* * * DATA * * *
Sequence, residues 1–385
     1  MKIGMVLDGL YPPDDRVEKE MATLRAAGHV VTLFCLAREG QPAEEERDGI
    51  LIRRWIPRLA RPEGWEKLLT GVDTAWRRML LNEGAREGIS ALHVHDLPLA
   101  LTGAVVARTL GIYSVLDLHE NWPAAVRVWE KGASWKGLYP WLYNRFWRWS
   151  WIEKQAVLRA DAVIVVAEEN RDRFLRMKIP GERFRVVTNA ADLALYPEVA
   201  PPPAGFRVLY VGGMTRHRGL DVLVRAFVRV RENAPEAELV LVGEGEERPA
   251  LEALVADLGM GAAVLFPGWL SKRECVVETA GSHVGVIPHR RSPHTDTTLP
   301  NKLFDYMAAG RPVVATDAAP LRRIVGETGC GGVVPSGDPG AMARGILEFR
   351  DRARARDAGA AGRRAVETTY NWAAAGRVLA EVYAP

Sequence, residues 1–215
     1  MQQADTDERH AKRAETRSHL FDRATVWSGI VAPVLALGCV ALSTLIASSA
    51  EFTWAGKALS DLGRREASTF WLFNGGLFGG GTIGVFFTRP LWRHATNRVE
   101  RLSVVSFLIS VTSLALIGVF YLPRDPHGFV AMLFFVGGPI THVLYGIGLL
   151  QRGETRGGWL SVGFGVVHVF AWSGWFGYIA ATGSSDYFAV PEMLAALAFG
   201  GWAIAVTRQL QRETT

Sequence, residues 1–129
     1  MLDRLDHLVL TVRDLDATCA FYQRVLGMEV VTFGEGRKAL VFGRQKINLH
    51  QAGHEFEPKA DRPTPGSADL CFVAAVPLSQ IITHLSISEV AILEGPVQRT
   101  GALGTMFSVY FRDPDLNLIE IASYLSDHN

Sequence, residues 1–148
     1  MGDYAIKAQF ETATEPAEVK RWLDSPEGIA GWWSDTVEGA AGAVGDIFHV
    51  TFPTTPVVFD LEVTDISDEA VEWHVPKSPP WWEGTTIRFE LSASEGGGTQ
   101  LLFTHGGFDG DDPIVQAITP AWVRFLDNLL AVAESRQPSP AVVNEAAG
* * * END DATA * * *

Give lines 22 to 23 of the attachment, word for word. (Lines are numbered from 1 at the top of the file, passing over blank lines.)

    51  TFPTTPVVFD LEVTDISDEA VEWHVPKSPP WWEGTTIRFE LSASEGGGTQ
   101  LLFTHGGFDG DDPIVQAITP AWVRFLDNLL AVAESRQPSP AVVNEAAG